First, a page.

- Finally, note the technique used in graphing probability distributions. The approach utilized is meant to emphasize the fact that discrete random variables have specific outcomes and the distribution is not continuous.
Expected Value The following table shows the profit from a $1 bet in a video poker game.
|Four of a Kind||0.00225||$39|
|Three of a Kind||0.06883||$2|
|Jacks or Better||0.18326||$0|
|Less than Jacks or Better||0.58076||-$1|
Source: Barnett, Tricia, “How Much to Bet on Video Poker,” Chance, Vol. 24, No. 2, Spring, 2011
(a) Determine the expected value of the game.
(b) Suppose a player can play 30 games in one hour. What are the expected losses of the player after 6 hours of playing?
- The Binomial Probability Distribution – This section presents the binomial probability distribution. We consider this an important section as a preview of inference on proportions.
- Be sure students verify that the requirements for a binomial experiment are satisfied for each probability experiment.
- As mentioned earlier, I recommend spending time on explaining the origins of the binomial probability distribution function. It is also worthwhile to use the formula for some simple probability experiments. However, we also recommend that technology be used to obtain binomial probabilities for a majority of the problems. This will allow for time to be dedicated to explaining what the results represent. Developing this skill will serve the students well when it comes time to look at hypothesis testing from the P-value point of view.
- I also recommend that binomial probabilities be computed based on results of a poll. For example, suppose nationwide that 36% of adult Americans have nothing saved for retirement. Further suppose you conduct a survey of 100 Americans with a bachelor’s degree and find that 45 have nothing saved for retirement. Use the binomial probability distribution function to determine the likelihood (probability) of obtaining 45 or more successes in 100 trials of an experiment in which the probability of success is 0.36. Is the result unusual? What might we conclude based on this result? Another area of discussion: notice that a “success” in this experiment is not something positive (here, a success is finding an individual who has nothing saved for retirement).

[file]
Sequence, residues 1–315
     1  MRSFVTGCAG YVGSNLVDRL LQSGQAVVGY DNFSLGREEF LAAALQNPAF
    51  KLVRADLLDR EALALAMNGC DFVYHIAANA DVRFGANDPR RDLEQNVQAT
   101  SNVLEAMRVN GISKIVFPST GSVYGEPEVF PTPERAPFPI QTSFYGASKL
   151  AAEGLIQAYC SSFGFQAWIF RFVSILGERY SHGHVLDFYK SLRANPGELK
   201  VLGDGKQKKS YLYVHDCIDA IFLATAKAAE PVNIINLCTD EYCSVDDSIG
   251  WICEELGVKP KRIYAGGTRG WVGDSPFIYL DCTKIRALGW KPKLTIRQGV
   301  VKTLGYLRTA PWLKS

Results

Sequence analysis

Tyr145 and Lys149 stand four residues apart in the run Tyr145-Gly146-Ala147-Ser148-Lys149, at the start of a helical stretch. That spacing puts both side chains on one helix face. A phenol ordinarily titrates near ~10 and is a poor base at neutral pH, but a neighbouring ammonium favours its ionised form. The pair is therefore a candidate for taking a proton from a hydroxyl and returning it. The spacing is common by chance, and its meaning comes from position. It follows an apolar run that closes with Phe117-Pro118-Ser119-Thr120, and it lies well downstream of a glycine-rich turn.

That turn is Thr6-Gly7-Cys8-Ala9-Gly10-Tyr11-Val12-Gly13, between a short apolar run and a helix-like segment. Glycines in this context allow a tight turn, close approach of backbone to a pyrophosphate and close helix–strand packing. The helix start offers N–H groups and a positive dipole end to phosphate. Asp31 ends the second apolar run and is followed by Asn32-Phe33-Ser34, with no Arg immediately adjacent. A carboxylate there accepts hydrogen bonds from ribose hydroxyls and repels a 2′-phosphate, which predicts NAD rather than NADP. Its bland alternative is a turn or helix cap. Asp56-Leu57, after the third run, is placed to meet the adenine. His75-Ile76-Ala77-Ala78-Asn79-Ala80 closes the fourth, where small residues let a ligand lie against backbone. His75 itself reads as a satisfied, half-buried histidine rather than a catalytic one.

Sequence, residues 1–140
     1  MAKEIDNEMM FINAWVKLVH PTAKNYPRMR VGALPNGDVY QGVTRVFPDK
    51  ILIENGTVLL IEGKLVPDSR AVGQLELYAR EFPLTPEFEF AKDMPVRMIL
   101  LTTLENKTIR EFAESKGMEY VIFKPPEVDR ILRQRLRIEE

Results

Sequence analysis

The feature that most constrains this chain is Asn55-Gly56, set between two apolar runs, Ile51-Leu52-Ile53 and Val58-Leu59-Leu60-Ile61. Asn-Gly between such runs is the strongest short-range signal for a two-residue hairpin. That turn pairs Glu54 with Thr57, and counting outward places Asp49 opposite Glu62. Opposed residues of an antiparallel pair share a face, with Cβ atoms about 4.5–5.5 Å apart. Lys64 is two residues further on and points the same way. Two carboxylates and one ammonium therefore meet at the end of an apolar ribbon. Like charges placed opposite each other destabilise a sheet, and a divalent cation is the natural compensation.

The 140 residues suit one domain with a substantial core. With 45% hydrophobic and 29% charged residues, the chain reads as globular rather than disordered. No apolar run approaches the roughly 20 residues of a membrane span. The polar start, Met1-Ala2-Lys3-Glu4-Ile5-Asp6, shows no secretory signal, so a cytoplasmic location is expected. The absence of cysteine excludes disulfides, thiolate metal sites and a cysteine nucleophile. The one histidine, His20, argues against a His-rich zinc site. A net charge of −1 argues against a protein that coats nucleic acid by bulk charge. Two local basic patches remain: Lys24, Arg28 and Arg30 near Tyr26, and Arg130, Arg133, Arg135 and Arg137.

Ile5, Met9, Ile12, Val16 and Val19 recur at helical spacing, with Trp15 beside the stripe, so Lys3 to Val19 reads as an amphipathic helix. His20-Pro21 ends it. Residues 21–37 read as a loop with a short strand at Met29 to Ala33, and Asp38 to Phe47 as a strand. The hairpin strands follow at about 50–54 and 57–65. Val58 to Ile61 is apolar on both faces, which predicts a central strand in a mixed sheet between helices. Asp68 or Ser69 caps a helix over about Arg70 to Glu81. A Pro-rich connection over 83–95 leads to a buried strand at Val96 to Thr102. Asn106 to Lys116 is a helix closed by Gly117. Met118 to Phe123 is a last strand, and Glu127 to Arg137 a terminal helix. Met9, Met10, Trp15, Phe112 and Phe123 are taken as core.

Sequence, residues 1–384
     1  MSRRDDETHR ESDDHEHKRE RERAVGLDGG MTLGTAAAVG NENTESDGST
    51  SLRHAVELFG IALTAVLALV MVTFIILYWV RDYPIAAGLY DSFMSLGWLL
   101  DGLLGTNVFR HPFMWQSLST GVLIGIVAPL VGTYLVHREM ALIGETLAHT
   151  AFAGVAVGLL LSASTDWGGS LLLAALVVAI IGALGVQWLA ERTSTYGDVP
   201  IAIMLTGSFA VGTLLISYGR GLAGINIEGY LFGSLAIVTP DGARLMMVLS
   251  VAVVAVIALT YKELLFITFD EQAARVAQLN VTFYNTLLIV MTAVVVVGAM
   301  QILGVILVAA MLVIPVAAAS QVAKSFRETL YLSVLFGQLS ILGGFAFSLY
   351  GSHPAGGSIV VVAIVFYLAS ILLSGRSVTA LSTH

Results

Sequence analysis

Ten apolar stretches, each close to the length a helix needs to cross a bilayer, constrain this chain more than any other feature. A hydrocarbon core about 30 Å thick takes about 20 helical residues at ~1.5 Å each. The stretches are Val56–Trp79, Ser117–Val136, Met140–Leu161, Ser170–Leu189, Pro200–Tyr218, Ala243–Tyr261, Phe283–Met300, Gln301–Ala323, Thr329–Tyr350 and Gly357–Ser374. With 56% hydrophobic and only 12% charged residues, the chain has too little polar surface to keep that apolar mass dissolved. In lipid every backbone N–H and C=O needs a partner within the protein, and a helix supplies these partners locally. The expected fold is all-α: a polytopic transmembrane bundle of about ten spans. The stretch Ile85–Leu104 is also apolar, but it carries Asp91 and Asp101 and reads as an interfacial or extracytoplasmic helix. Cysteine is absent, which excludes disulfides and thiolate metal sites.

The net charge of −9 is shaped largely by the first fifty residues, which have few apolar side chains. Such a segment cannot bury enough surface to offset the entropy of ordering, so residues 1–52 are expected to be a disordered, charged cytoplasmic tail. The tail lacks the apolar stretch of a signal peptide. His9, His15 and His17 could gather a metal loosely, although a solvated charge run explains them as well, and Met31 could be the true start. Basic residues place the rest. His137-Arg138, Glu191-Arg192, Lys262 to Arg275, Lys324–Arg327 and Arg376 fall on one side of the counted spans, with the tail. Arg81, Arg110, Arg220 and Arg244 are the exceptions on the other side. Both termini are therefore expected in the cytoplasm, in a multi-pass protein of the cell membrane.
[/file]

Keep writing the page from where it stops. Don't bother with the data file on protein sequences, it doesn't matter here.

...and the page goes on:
- Finally, spend time discussing the roles that n and p play in the shape of the distribution of a binomial random variable. Consider using the Binomial Distribution applet in StatCrunch for this.
A Drug Study Toxic Epidermal Necrolysis (TEN), also known as Lyell’s syndrome, is a life-threatening disease characterized by blisters that cover the skin and extensive peeling off of skin. In a double-blind, randomized, placebo-controlled study of the effects of a drug called thalidomide on TEN, it was found that 10 of the twelve patients in the thalidomide group died compared with three of ten in the placebo group. Using the methods of this section, explain why the study was stopped. What does this result suggest? Source: Randomized Comparison of Thalidomide Versus Placebo in Toxic Epidermal Necrolysis, Wolkenstein, Pierre et al. The Lancet, Volume 352, Issue 9140, 1586-1589. Answer: P(X > 10) = 0.0002 assuming p = 0.3.
- The Poisson Probability Distribution – This distribution may be skipped without loss of continuity. I do not cover this material in my classes.
- As with binomial probabilities, we recommend using technology to find probabilities. o Continue to emphasize the interpretation of probabilities in this section and use the probability distribution function to identify unusual results as a way to foreshadow P-values.